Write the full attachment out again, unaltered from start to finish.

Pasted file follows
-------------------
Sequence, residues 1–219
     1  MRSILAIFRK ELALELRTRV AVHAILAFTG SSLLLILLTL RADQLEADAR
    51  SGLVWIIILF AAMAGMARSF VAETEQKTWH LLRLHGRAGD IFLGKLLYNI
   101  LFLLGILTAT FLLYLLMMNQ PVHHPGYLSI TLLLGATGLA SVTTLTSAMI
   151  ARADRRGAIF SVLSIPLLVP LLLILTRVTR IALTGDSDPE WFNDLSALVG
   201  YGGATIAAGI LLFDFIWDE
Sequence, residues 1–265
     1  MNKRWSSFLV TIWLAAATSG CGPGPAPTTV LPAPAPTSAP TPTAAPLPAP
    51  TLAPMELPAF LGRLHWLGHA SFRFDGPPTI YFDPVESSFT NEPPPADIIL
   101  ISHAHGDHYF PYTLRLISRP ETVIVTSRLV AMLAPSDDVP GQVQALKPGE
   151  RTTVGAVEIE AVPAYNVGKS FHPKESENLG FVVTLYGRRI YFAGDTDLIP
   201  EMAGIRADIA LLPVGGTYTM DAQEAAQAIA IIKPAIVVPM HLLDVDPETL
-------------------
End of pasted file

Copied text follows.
Sequence, residues 1–219
     1  MRSILAIFRK ELALELRTRV AVHAILAFTG SSLLLILLTL RADQLEADAR
    51  SGLVWIIILF AAMAGMARSF VAETEQKTWH LLRLHGRAGD IFLGKLLYNI
   101  LFLLGILTAT FLLYLLMMNQ PVHHPGYLSI TLLLGATGLA SVTTLTSAMI
   151  ARADRRGAIF SVLSIPLLVP LLLILTRVTR IALTGDSDPE WFNDLSALVG
   201  YGGATIAAGI LLFDFIWDE
Sequence, residues 1–265
     1  MNKRWSSFLV TIWLAAATSG CGPGPAPTTV LPAPAPTSAP TPTAAPLPAP
    51  TLAPMELPAF LGRLHWLGHA SFRFDGPPTI YFDPVESSFT NEPPPADIIL
   101  ISHAHGDHYF PYTLRLISRP ETVIVTSRLV AMLAPSDDVP GQVQALKPGE
   151  RTTVGAVEIE AVPAYNVGKS FHPKESENLG FVVTLYGRRI YFAGDTDLIP
   201  EMAGIRADIA LLPVGGTYTM DAQEAAQAIA IIKPAIVVPM HLLDVDPETL